The Food and Drug Administration announced yesterday that the morning-after pill has been approved for girls and women 15 and older without a prescription, as well as putting it out on drugstore shelves instead of keeping it stashed behind the pharmacy counter.
The decision only applies to Plan B One-Step and not two other two-step generic pills. Previously, only women 17 and older could get the pill without a prescription.
The FDA commissioner said in a statement that data proved that 15-year-olds “were able to understand how Plan B One-Step works, how to use it properly, and that it does not prevent the transmission of a sexually transmitted disease.”
As for the reason why only Plan B’s pill is included in the ruling, it’s because there isn’t enough data to show that the two-dose iterations would be used responsibly by younger teenagers without having a health provider help them out, an FDA spokeswoman told the New York Times.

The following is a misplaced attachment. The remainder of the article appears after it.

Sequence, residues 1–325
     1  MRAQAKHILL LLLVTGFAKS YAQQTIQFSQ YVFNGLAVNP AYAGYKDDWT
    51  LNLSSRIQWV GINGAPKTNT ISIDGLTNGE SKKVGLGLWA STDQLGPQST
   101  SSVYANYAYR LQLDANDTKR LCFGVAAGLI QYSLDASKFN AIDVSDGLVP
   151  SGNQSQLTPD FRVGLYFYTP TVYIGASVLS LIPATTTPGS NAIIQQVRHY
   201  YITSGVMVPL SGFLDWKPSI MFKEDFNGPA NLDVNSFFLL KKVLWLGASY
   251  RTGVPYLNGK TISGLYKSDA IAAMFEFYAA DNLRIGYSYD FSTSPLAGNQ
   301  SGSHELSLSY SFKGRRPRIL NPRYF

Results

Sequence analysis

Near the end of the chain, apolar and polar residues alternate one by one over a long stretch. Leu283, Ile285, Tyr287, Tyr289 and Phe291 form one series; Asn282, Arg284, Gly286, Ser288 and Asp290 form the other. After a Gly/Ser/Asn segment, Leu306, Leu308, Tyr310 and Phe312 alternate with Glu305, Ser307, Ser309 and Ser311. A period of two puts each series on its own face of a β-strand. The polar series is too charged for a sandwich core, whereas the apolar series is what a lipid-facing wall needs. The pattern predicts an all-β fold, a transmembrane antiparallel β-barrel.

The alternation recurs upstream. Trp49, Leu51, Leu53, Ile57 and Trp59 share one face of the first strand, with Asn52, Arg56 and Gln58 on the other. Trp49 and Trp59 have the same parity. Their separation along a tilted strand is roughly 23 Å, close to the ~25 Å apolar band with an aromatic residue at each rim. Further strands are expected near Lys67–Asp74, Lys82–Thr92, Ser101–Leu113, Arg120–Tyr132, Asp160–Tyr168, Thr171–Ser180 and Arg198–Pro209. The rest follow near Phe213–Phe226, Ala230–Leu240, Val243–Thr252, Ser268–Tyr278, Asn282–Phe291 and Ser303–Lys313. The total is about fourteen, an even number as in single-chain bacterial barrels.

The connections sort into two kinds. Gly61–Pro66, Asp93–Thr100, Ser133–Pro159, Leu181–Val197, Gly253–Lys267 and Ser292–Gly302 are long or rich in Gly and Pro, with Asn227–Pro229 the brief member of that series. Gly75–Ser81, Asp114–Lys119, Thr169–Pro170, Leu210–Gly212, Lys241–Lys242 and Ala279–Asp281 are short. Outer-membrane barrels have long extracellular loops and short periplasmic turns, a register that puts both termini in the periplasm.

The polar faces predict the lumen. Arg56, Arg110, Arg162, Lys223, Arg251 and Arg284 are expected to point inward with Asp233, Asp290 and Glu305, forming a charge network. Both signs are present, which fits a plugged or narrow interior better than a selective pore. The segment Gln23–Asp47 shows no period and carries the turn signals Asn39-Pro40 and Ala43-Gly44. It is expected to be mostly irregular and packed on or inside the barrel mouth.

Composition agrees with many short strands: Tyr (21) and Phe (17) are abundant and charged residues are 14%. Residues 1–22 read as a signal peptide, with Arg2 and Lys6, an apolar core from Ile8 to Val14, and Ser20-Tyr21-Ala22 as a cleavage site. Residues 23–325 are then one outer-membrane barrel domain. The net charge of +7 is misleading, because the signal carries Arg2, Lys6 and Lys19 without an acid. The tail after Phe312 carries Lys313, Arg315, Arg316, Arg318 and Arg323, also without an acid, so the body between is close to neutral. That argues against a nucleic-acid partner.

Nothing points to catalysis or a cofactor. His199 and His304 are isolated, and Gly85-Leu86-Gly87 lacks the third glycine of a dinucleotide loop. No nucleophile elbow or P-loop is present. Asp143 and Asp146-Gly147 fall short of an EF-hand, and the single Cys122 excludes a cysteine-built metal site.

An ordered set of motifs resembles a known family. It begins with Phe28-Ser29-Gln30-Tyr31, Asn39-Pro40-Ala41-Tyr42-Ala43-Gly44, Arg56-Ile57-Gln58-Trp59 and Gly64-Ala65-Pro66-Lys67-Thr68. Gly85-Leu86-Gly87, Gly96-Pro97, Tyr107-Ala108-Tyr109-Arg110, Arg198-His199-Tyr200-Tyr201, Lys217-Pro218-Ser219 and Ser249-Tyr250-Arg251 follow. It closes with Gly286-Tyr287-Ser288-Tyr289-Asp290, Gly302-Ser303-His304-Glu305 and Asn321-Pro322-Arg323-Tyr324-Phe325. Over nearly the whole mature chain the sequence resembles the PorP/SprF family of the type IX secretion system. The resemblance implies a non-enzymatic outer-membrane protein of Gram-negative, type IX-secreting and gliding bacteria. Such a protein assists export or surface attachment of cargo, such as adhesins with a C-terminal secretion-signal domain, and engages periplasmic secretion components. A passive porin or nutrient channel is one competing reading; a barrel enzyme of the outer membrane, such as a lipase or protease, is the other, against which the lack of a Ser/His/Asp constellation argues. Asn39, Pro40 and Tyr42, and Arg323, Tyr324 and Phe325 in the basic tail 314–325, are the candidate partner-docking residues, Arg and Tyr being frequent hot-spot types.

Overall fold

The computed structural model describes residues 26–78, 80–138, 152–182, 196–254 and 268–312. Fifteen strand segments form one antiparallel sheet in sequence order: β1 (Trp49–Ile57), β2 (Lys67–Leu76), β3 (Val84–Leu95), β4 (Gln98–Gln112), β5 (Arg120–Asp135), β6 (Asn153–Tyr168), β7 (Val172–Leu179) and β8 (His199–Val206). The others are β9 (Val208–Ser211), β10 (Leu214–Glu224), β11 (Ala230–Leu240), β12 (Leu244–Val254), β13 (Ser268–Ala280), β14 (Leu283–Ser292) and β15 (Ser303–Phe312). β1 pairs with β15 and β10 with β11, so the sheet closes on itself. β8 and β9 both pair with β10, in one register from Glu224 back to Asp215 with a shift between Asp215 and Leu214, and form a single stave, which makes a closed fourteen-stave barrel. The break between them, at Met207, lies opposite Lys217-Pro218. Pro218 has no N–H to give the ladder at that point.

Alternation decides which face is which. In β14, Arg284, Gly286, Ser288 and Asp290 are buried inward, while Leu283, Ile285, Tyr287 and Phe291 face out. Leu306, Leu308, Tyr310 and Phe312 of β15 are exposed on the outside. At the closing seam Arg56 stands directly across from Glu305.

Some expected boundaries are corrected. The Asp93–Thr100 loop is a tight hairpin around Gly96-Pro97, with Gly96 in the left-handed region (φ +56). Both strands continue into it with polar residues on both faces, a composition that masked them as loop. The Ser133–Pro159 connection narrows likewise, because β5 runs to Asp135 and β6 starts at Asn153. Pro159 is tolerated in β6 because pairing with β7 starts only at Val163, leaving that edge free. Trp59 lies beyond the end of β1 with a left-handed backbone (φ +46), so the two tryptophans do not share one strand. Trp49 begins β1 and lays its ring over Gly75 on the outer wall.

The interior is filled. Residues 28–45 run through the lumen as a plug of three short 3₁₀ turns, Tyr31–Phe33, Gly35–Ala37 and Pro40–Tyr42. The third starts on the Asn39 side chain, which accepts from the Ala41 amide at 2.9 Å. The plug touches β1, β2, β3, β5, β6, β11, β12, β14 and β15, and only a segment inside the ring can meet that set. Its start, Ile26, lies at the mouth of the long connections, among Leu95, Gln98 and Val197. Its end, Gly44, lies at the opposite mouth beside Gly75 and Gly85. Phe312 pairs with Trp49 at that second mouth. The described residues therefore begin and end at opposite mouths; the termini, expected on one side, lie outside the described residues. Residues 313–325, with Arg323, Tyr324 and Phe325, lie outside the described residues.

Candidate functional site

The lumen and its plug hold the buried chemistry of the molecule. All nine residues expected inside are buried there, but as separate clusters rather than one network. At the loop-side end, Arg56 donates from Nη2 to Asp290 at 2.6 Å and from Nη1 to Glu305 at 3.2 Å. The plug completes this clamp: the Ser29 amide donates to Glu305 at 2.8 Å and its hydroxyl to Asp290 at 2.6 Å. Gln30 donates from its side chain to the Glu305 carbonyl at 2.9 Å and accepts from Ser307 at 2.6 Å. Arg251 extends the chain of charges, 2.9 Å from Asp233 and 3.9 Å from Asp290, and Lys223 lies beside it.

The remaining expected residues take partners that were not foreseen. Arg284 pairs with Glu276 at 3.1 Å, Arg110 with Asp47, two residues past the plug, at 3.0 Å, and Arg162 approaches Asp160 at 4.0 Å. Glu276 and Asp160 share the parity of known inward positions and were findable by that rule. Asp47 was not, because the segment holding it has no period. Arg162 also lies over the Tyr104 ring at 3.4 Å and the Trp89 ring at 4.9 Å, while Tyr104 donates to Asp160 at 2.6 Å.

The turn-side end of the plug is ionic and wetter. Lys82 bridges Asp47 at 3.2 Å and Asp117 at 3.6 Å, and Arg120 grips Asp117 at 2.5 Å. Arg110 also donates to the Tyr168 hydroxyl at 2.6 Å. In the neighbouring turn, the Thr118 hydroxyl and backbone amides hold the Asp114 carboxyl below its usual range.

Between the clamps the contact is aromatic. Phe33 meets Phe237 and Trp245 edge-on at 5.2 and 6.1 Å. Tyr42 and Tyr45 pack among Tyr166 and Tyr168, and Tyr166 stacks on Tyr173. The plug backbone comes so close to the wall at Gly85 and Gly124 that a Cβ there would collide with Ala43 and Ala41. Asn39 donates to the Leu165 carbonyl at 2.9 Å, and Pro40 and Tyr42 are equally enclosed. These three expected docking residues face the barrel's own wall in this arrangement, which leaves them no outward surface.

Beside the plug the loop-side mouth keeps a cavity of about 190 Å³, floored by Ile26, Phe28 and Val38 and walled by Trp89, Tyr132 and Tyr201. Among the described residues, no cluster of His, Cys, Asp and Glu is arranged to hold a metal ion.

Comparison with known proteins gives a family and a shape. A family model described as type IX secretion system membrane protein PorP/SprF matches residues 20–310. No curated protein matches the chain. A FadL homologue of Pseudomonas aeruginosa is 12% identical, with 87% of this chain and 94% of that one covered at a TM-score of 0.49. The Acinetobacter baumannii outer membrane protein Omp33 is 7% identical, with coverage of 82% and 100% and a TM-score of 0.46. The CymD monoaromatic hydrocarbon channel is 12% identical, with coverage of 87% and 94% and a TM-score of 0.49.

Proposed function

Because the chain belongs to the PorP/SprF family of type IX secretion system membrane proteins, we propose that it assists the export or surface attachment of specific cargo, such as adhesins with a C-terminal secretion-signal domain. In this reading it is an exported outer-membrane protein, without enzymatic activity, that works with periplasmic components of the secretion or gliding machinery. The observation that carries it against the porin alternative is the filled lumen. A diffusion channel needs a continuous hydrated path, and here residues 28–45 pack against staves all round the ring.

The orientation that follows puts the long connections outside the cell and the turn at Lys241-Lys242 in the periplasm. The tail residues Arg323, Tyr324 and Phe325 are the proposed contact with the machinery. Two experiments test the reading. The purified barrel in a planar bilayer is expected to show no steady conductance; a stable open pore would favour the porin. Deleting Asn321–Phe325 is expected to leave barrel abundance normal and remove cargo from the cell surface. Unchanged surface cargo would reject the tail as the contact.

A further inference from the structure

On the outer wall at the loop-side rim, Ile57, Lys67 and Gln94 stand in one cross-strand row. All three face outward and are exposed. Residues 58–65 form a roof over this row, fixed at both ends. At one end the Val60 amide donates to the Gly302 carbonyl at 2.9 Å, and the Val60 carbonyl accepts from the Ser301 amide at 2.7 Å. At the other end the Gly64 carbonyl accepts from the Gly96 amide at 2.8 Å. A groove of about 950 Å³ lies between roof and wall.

This decision doesn’t really take into account a federal judge’s ruling last month that the FDA had 30 days to make the pill available for all ages without a prescription, not just 15 and up. Apparently the FDA and the White House, along with the Department of Justice, aren’t sure yet if they’ll appeal the ruling.
Buying Plan B will work kind of like when someone wants to buy beer at a grocery store — a product code will get scanned by a cashier and pop up an alert that proof of age is required.
One of the biggest changse here is having Plan B displayed along with family planning or feminine hygiene products on stores’ shelves. Proponents of making emergency contraception available said some teens could get discouraged if the pharmacy is closed when they need the pill, or if they have to ask for it to be brought out from under lock and key.
Drug Agency Lowers Age for Next-Day Birth Control [New York Times]